Now of all their six drummers, only one, technically, qualifies: Dave Krusen. He played on Ten, twenty-five years ago. By all accounts he’s quite surprised at the nod. The Rock and Roll Hall of Fame, however, is also inducting Matt Cameron. And nobody from the period between the two.

Now, out-dated and bloated an institution as it may be, if the Rock and Roll Hall of Fame are recognising Matt Cameron then they sure as shit should recognise Dave Abbruzzese.  As much of a deliberate poking of a hornet’s nest as the snub is, it’s also pretty unfair to then place the onus of dealing with the question onto Pearl Jam (ever-shy of such publicity and awards) to be the ones to deal with it. Dave, obviously riled himself, has said plenty, chiefly:

“I have always thought that every award given to a band that celebrates the bands lifetime achievements should be awarded to every person that was ever a debt incurring, life sacrificing, blood spilling, member of that band. Maybe the Hall should reevaluate the need to put all the monkeys in the same cage in order to boost revenue, and instead let the history of the band be fully and completely represented as they were and as they are. …leave it up to the group to show their true colors as they celebrate their own history in a manner of their choosing…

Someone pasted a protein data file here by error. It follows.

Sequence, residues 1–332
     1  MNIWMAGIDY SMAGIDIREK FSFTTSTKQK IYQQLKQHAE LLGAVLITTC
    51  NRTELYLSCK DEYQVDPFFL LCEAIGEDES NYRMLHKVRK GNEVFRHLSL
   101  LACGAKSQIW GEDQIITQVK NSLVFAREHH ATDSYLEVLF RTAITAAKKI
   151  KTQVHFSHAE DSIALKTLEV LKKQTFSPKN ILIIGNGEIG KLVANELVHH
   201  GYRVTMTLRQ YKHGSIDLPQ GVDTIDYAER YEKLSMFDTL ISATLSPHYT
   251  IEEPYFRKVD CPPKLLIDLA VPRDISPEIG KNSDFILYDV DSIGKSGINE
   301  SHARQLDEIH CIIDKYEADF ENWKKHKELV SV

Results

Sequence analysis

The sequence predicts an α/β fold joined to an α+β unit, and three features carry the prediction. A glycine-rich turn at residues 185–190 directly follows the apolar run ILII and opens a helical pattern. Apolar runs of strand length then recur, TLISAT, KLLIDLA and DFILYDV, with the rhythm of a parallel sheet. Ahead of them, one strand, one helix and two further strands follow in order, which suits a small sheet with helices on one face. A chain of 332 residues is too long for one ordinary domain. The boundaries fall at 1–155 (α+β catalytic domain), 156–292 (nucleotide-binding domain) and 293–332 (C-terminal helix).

I will admit to wanting to look out over my drum kit at the faces of Jeff, Stone, Mike and Eddie. Looking to my left at my drum tech, the mainest of mellow, Mr. Jimmy Shoaf and seeing him give me that look that dares me to destroy my cymbals and kick the songs ass, the bands ass and the crowds ass… The idea of counting it off and giving the band, the music & the people all that I have to give, as I always have without compromise or hesitation… The sound of the people singing along… Making eye contact with the person air drumming their ass off right before the big drum fill, so we can do it together…
I loved it.
I loved it every single time.”